Women still underrepresented in green and digital sectors

A debate organised by the European Economic and Social Committee (EESC) highlighted that, despite recent initiatives, men continue to be predominant in science, technology, engineering and maths. The EU needs to adopt new specific measures to promote women's participation and so ensure a just green and digital transition.

The sectors at the forefront of new technologies continue to be among the least diverse and inclusive workplaces. Science, technology, engineering and maths, the so-called "STEM", are still male-dominated and the current green work policies risk further embedding gender inequalities in the labour market and hindering a just transition.

The thematic debate "Women in a gender-just transition", held on 19 December 2023 by the EESC's section for Transport, Energy, Infrastructure and the Information Society (TEN), revealed alarming data.

Research shows that in the energy sector, around 80% of the workforce is made up of men. When it comes to renewable energy in particular, women represent on average 35% of the labour pool, which is slightly higher but still significantly unbalanced.

This gap does not necessarily reflect the lack of female participation in STEM education. The majority of Master's students in science are women, but it is just that they tend to leave the sector at higher rates. This is a recognised phenomenon known as the "leaky pipeline".

Moreover, like everywhere else in the labour market, standard gender divides remain and women are still overrepresented in lower paid sectors and underrepresented in decision-making positions.

Filling the gender gap

All in all, even though inequalities still exist, the EU has made significant progress over the past few years. In 2020, the European Commission adopted its "EU Gender Equality Strategy 2020-2025", highlighting the discriminatory social norms and stereotypes about women's and men's skills, and pointing out the undervaluation of women's work in certain sectors.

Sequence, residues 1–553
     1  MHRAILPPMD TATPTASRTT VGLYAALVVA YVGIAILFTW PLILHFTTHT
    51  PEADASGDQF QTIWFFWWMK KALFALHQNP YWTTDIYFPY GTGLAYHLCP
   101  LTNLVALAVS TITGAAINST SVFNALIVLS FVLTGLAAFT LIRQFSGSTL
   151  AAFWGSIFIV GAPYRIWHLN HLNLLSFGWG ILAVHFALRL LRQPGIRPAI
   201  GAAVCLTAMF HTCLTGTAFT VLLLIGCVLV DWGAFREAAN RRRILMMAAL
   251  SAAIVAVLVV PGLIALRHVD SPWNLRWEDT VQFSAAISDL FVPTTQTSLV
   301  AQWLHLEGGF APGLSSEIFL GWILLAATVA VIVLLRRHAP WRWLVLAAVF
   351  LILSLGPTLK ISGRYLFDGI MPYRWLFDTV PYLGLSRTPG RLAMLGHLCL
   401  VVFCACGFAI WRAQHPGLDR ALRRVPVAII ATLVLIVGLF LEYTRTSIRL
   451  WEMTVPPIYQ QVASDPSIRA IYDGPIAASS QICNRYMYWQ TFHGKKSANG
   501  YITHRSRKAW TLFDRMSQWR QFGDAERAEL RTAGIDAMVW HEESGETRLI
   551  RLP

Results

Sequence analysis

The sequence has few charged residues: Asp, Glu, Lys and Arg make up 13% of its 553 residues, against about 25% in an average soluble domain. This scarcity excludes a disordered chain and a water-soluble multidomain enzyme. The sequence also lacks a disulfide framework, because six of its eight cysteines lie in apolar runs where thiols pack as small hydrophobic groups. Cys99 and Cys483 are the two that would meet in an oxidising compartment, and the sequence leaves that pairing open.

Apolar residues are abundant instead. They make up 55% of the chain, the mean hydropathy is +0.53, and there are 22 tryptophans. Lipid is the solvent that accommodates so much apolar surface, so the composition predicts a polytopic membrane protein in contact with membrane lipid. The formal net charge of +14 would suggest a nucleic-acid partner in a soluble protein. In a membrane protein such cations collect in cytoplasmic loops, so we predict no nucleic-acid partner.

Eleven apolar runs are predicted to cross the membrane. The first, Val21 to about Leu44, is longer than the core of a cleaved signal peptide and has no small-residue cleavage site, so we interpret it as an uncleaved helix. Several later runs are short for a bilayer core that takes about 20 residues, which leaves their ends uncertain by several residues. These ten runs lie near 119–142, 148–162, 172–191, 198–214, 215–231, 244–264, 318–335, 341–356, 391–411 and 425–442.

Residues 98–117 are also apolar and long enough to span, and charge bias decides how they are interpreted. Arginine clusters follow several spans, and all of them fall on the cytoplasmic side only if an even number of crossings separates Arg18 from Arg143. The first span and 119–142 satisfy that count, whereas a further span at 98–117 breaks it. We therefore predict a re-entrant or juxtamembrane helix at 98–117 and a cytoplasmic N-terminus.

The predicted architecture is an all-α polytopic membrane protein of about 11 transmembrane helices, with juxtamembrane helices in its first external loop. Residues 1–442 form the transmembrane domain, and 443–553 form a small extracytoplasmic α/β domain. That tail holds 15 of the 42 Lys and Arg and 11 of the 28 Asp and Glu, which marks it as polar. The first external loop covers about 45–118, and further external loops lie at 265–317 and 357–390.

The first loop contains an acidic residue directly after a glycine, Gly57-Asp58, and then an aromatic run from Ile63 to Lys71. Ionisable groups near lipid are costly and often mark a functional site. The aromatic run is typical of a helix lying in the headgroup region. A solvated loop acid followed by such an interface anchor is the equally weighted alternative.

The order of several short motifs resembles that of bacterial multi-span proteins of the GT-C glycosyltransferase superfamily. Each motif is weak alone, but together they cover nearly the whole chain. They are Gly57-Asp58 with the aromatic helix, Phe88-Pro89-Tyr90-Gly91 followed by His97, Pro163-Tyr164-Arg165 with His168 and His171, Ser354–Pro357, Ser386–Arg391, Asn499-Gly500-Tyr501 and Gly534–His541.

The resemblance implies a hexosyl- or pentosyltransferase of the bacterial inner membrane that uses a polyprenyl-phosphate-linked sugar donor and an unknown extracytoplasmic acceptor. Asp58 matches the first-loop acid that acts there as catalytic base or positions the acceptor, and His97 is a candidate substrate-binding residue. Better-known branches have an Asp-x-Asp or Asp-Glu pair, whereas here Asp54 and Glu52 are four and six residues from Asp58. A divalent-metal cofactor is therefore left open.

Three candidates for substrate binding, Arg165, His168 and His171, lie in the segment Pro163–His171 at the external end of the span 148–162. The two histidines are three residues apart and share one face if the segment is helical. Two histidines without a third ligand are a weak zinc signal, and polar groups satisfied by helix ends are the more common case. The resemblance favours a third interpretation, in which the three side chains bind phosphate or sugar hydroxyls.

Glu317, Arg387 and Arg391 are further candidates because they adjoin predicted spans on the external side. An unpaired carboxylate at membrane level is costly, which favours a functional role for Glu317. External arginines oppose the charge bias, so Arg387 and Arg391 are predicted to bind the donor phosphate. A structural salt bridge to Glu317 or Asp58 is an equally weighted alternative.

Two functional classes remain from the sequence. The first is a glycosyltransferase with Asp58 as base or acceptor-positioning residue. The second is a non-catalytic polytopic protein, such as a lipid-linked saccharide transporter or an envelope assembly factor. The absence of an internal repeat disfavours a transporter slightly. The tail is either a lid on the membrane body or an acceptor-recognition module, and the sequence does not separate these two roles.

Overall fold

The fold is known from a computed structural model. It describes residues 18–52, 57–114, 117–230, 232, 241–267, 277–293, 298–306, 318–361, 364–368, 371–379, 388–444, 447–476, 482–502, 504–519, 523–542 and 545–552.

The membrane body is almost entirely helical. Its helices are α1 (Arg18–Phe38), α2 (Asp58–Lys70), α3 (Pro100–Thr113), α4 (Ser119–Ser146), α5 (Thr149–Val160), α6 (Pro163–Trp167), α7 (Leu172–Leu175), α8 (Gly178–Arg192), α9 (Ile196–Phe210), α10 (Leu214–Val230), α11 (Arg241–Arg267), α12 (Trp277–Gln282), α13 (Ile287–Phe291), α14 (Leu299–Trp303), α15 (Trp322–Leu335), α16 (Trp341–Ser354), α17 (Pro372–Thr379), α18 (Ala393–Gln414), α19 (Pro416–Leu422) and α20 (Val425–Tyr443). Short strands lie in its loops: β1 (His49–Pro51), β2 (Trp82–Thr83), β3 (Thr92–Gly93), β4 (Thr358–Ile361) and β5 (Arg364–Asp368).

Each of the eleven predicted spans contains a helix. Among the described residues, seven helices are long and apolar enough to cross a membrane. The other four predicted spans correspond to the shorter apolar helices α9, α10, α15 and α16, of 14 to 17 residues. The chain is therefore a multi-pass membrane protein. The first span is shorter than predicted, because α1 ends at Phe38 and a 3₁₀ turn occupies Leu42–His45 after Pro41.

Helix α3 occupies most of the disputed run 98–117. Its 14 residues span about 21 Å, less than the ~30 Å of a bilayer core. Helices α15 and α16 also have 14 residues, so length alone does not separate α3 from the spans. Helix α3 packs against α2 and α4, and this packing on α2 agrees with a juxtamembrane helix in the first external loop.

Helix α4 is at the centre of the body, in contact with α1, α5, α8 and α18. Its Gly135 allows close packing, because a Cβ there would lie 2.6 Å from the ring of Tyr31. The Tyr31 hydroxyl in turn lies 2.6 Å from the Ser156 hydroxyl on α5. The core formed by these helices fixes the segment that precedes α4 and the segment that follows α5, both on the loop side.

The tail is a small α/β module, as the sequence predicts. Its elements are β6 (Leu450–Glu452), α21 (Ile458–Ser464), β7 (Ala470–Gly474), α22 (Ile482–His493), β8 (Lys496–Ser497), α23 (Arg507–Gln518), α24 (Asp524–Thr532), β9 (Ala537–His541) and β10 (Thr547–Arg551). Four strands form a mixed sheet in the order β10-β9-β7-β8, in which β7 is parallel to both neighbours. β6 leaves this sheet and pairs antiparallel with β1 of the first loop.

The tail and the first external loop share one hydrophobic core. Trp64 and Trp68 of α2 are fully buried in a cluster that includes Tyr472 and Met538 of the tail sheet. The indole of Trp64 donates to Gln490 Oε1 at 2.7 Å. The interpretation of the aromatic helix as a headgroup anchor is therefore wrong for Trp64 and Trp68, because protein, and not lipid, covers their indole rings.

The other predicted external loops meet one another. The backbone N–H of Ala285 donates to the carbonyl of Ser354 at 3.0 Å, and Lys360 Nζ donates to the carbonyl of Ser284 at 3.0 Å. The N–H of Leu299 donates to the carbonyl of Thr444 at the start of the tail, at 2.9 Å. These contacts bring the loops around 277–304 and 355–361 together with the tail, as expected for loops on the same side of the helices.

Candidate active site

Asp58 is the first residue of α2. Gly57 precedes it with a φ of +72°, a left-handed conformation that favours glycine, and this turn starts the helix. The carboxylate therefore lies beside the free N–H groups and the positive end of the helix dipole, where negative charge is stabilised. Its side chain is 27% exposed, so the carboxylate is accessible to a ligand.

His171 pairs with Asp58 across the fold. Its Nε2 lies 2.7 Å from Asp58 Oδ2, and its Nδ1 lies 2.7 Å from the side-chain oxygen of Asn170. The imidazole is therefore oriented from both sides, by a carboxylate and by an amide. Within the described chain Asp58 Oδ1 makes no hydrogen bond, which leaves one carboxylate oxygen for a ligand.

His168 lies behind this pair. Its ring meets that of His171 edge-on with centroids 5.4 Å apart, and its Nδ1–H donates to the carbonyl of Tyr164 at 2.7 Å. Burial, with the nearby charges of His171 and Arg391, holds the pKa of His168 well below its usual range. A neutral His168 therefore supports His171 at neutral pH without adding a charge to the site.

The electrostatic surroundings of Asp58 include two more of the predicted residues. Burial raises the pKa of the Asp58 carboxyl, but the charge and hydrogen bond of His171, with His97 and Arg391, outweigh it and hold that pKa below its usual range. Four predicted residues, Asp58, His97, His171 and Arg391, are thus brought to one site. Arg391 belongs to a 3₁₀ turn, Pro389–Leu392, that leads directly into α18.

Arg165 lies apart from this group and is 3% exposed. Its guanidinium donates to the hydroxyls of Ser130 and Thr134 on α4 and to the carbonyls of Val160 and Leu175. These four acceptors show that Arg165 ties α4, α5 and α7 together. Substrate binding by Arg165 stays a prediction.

The end objective is a gender-equal Europe, a Union where women and men are free to pursue their chosen path in life in all their diversity and have equal opportunities in our European society.

In addition, against the background of the European Year of Skills 2023, the Commission set out the goal of matching people's aspirations and skill sets with labour market opportunities, calling to bridge the divide between women graduates and their employment in STEM careers.

Likewise, in the 2023 revision of the National Energy and Climate Plans, Member States were invited to indicate specific action plans to promote clean energy jobs for women and reduce gender imbalances in the sector.

Specific measures to ensure women's contribution

The EU has a key role to play in moving towards greater gender equality and inclusion and needs more initiatives on this track, in particular to oppose the "leaky pipeline" phenomenon and ensure a gender‑just transition.

We need focused interventions to ensure that the digital and green transitions are inclusive, and allow women to contribute to achieving the EU Green Deal, said TEN president Baiba Miltoviča. This can be done by promoting women's participation in technical fields, fostering gender balance in various roles and ensuring equal pay for equal work.

The debate, which saw the participation of Ana Carrero from the European Commission's DG EMPL and Rasma Pīpiķe, representing Latvia's Association of Young Researchers, was held as part of the European Gender Equality Week 2023.

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